Prominent artist defends colleague’s disputed school mural
LOS ANGELES (AP) — Artist Shepard Fairey will insist that one of his murals be removed from a Los Angeles school if officials follow through on plans to cover up another artist’s mural that some community activists find offensive, the Los Angeles Times reported Monday.
Fairey told the Times that seeking removal of his mural of Robert F. Kennedy is the only leverage he has to defend the disputed mural by fellow artist Beau Stanton.
Both murals are in the Koreatown section of the city, at the Robert F. Kennedy Schools Complex. The complex sits on the former site of the Ambassador Hotel, where Kennedy was assassinated in 1968.
Stanton’s mural depicts actress Ava Gardner’s face set against a backdrop of sun rays as a salute to the hotel’s legendary nightclub, the Cocoanut Grove, which was a popular hangout for Hollywood stars. Palm trees, a monkey and a Moorish arch superimposed on Gardner’s face evoke the club’s exotic decor.
But the Los Angeles Unified School District decided to paint over the mural after Korean activists contended the sun rays resembled those of the Japanese imperial battle flag and associated it with atrocities during Japan’s rule before and during World War II.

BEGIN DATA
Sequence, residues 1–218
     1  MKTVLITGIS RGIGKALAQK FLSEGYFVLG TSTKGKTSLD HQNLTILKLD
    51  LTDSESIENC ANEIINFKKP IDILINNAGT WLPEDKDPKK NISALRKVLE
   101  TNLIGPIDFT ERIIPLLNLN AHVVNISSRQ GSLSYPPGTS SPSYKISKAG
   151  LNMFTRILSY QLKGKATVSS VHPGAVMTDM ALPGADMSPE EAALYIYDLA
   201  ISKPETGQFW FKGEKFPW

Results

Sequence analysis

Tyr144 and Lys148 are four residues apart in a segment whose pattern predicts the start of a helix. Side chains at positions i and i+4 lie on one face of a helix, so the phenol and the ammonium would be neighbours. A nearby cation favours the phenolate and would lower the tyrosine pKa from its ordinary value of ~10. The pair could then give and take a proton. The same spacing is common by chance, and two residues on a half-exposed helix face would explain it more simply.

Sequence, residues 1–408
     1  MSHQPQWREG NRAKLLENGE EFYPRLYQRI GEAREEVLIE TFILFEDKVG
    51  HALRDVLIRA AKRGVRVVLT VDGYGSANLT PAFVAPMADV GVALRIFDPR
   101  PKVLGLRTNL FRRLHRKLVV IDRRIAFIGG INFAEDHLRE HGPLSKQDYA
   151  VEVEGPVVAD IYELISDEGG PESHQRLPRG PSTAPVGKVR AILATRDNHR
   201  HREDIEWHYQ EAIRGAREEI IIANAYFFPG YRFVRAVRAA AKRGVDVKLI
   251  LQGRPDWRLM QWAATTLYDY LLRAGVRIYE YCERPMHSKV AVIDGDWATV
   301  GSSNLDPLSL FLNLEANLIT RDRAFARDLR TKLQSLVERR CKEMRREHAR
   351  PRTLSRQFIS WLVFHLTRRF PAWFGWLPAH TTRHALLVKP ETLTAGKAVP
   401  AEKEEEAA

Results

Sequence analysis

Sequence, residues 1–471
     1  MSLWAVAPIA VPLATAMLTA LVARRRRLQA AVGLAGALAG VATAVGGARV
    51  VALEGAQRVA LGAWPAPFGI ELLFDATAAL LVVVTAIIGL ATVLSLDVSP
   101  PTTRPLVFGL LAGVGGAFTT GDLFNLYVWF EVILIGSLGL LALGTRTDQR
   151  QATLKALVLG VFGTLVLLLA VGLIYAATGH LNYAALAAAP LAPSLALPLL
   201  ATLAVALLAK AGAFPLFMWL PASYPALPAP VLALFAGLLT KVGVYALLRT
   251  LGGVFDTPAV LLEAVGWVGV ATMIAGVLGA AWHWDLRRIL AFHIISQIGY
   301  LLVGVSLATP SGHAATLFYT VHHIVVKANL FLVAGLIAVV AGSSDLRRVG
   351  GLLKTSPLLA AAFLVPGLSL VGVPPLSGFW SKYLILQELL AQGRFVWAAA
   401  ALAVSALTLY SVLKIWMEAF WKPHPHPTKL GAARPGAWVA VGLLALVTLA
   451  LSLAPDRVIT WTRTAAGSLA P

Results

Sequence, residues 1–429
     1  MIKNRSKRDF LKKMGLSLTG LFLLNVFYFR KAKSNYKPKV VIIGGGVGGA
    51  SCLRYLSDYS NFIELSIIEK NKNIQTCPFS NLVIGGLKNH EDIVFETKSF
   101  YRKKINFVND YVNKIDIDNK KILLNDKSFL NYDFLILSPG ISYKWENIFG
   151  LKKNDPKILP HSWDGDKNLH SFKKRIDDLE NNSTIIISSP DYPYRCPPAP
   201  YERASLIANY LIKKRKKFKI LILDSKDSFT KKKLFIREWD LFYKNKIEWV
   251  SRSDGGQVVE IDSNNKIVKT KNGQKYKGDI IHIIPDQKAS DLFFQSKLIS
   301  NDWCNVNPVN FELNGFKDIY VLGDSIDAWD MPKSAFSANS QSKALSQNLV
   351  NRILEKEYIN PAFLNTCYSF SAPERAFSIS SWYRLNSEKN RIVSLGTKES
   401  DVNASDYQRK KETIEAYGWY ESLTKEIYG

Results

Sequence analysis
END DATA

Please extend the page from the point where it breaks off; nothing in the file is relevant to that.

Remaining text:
“Yeah, these things happened and they’re part of a terrible history, but this mural has nothing to do with that,” said Fairey, who created the Barack Obama “Hope” poster during the 2008 presidential campaign.
“What he has in his mural is nothing close to the battle flag. It’s not the same color scheme. It’s not the same focal element. It’s stupid to me. I thought that cooler heads would prevail because this is absurd.”
The Times reported last week that Roberto Martinez, senior school district administrator for the region, announced that the mural would be painted over during the winter break.
“Art is intended to celebrate the human spirit, not to offend the community,” Martinez said at a news conference. “If we have offended anybody, I apologize.”
Mural protest leader Chan Yong “Jake” Jeong said that announcement represented “such a happy day.”
Stanton was stunned and later met with opponents of his work, but changed no minds.
On Sunday, Fairey provided the Times an email he sent to the school board president saying if the Stanton mural is removed he would reach out to students “to have them take part in my mural being painted over as a symbol of the sacrifices that are sometimes necessary to stand up for important principles.”
One of RFK’s children, attorney and author Maxwell Kennedy, agreed with Fairey.
“We are aware of the power of symbols and we stand with Shepard Fairey and Beau Stanton against the ... censorship of public art,” Kennedy said in a statement to the Times. “Symbols can be hurtful and there are some symbols that should not be displayed. But rays of light are synonymous in this country with hope.”